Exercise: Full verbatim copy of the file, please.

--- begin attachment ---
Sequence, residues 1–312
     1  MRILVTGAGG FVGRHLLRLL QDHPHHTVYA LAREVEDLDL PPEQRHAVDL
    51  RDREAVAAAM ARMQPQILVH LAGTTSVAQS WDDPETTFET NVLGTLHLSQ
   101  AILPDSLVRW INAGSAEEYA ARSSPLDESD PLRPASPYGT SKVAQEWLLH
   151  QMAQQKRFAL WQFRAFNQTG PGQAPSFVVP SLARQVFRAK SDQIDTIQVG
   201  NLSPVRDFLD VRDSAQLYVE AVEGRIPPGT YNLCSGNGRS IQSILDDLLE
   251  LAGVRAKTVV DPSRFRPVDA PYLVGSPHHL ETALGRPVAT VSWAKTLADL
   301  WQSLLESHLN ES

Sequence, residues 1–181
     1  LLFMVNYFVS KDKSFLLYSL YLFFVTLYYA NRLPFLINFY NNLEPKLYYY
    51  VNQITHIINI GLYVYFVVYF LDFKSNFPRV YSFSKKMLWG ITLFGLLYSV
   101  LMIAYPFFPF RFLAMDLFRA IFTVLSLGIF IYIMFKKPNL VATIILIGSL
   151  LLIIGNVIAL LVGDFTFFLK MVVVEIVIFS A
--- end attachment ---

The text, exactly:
Sequence, residues 1–312
     1  MRILVTGAGG FVGRHLLRLL QDHPHHTVYA LAREVEDLDL PPEQRHAVDL
    51  RDREAVAAAM ARMQPQILVH LAGTTSVAQS WDDPETTFET NVLGTLHLSQ
   101  AILPDSLVRW INAGSAEEYA ARSSPLDESD PLRPASPYGT SKVAQEWLLH
   151  QMAQQKRFAL WQFRAFNQTG PGQAPSFVVP SLARQVFRAK SDQIDTIQVG
   201  NLSPVRDFLD VRDSAQLYVE AVEGRIPPGT YNLCSGNGRS IQSILDDLLE
   251  LAGVRAKTVV DPSRFRPVDA PYLVGSPHHL ETALGRPVAT VSWAKTLADL
   301  WQSLLESHLN ES

Sequence, residues 1–181
     1  LLFMVNYFVS KDKSFLLYSL YLFFVTLYYA NRLPFLINFY NNLEPKLYYY
    51  VNQITHIINI GLYVYFVVYF LDFKSNFPRV YSFSKKMLWG ITLFGLLYSV
   101  LMIAYPFFPF RFLAMDLFRA IFTVLSLGIF IYIMFKKPNL VATIILIGSL
   151  LLIIGNVIAL LVGDFTFFLK MVVVEIVIFS A